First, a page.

The Most Absurd Myth of the 21st Century -Bonner/Bonner And Partners
"Every era has its busted myths and failed dreams. Wall Street and Washington wallow in them. The practical challenge for us is not to be smarter than other investors or wiser than other voters… but merely to step outside the myth long enough to get a good look at it....Assets, markets, companies, and empires rise and fall. No single one, or group of them, ever dominates for long. But now comes the most absurd myth of all - that the feds can 'manage' and 'guide' the economy, not only to make it better, but to make sure nothing bad happens....U.S. monetary policy for the last 30 years is nothing more than the classic three mistakes over and over. Mistake #1 - keep interest rates too low for too long. Mistake #2 - raise rates to try to mitigate the damage from Mistake #1. Mistake #3- drop rates in a panic when Mistake #2 causes the economy to crash. And that’s just monetary policy. What about fiscal policy? The key concept of enlightened budget management is that fiscal policy should be countercyclical. You save (surpluses) when the gettin's good… and spend (deficits) when it ain't. Pharaoh did it 3,000 years ago - storing grain during seven fat years… and releasing it during the seven lean years. It's so simple, even a moron could do it....Since 1980, the feds have spent $20 trillion more than they have taken in. This year, spending will outpace tax receipts by roughly $1 trillion. And we’re still in a recovery. Where is the promised growth? Where’s the missing revenue? Of course, the idea is absurd. There is no plausible theory… and no observable case… where people get richer by borrowing more and more money, year after year. Instead, they go broke. It’s only by saving money and investing it wisely that it is even possible to get ahead. And the feds are unable to do either."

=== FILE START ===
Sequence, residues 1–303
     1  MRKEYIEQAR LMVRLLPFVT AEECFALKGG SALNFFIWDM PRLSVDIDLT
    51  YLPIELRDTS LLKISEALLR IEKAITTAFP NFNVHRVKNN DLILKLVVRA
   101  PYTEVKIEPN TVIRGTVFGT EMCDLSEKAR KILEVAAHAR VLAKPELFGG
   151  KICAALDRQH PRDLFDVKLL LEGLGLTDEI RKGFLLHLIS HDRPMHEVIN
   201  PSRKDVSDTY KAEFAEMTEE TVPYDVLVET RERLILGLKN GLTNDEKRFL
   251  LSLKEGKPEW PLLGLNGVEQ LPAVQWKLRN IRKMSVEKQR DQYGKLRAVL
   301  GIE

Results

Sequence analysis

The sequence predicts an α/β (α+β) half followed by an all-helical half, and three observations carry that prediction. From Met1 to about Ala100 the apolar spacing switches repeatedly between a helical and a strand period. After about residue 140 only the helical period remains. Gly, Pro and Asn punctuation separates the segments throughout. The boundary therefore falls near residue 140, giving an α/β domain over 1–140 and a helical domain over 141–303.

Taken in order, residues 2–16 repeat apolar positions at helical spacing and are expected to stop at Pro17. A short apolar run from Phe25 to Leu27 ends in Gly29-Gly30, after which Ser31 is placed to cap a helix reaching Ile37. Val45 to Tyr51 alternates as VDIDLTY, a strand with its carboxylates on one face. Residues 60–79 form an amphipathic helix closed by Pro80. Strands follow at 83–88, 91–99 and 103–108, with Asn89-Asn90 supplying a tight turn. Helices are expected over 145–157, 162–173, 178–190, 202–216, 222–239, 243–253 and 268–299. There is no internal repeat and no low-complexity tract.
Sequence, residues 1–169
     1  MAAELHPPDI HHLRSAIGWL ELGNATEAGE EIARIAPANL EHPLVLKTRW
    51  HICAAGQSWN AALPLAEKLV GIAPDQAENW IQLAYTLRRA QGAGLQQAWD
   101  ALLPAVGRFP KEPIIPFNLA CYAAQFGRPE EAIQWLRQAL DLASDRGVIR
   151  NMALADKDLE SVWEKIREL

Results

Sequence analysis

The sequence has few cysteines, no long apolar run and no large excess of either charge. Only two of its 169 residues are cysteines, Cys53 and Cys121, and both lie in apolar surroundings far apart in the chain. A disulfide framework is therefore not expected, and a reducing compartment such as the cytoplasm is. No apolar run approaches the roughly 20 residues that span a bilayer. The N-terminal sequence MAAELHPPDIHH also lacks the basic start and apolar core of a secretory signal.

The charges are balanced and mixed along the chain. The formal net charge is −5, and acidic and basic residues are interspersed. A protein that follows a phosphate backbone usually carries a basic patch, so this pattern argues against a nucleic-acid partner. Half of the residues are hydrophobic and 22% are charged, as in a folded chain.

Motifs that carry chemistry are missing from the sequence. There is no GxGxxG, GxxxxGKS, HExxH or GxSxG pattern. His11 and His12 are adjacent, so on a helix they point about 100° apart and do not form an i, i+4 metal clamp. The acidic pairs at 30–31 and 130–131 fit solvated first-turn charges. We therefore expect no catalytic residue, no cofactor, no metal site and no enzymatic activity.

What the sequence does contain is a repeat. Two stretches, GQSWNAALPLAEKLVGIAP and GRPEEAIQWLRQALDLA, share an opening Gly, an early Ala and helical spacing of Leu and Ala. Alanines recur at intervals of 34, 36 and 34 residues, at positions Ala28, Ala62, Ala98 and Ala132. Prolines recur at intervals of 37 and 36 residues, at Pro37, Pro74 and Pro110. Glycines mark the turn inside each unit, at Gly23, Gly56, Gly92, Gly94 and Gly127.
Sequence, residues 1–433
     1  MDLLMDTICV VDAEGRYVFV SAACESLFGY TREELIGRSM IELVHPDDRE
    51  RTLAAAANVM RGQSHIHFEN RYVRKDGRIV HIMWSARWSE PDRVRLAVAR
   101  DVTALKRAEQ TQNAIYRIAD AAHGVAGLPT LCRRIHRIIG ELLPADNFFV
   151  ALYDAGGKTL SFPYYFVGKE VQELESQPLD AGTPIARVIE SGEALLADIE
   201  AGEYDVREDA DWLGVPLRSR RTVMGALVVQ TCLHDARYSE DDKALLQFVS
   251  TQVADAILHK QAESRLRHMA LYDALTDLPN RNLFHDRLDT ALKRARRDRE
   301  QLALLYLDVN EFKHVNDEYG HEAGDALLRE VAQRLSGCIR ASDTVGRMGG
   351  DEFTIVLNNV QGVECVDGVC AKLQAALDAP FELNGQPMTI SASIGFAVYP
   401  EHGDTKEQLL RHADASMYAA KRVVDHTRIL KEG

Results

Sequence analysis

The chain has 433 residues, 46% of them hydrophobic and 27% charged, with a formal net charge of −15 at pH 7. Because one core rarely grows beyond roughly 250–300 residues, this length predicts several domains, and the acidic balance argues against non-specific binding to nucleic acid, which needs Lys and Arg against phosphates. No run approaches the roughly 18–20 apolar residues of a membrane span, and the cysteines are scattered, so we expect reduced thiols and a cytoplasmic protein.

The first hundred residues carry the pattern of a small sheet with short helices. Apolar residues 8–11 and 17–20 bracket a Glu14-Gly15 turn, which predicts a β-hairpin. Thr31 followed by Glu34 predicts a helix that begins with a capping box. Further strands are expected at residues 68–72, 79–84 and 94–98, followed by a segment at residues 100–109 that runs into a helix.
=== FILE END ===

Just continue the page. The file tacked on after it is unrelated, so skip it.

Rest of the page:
White House shifts shutdown strategy, tries to bypass Pelosi -Associated Press
"Shifting strategy, the White House invited rank-and-file House Democrats to lunch Tuesday with President Donald Trump, bypassing Speaker Nancy Pelosi and her leadership team in an effort to get centrist and freshman lawmakers on board with funding Trump’s long-promised U.S.-Mexico border wall. Pelosi approved of lawmakers attending the meeting, telling her team that the group can see what she and others have been dealing with in trying to negotiate with Trump to end the partial government shutdown, now in its 25th day with no resolution in sight....Lawmakers invited to the White House include centrist Democrats from districts where Trump is popular, including freshmen....Senate Majority Leader Mitch McConnell said on the Senate floor that it’s up to Democrats to get the country off the 'political carousel' of the shutdown fight. The Kentucky Republican said Democrats have turned Trump’s wall into 'something evil' and have engaged in 'acrobatic contortions' to avoid dealing with the security and humanitarian crisis at the southern border. With the government shutdown now in its fourth week, negations between the White House and Congress are at a standstill. Trump has demanded $5.7 billion for the border wall; Democrats are refusing but are offering money for fencing and other border security measures."